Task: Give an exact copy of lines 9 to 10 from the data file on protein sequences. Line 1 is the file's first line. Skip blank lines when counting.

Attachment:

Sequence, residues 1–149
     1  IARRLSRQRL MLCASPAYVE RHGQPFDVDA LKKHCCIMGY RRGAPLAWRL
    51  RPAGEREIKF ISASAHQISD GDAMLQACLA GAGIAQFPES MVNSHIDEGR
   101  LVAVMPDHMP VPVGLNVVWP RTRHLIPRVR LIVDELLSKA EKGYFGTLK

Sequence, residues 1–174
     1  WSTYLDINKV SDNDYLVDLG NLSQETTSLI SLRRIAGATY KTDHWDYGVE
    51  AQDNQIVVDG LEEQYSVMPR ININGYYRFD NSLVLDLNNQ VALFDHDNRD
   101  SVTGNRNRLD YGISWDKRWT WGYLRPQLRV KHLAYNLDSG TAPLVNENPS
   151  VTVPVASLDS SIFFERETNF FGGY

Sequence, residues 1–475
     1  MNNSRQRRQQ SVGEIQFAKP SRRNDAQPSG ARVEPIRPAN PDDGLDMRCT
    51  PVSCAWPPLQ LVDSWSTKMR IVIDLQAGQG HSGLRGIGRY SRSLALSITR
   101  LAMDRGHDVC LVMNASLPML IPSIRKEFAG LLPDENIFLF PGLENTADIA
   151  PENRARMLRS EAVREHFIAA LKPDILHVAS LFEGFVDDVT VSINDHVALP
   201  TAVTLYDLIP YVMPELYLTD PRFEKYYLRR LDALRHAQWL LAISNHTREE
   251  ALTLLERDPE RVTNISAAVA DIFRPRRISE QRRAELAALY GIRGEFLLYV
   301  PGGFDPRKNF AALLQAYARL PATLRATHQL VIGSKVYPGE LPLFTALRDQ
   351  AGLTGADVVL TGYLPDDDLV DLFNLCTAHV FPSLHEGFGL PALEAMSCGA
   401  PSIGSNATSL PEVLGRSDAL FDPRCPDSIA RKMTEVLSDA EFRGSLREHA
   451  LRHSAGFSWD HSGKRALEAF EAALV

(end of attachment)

   151  VTVPVASLDS SIFFERETNF FGGY

Sequence, residues 1–475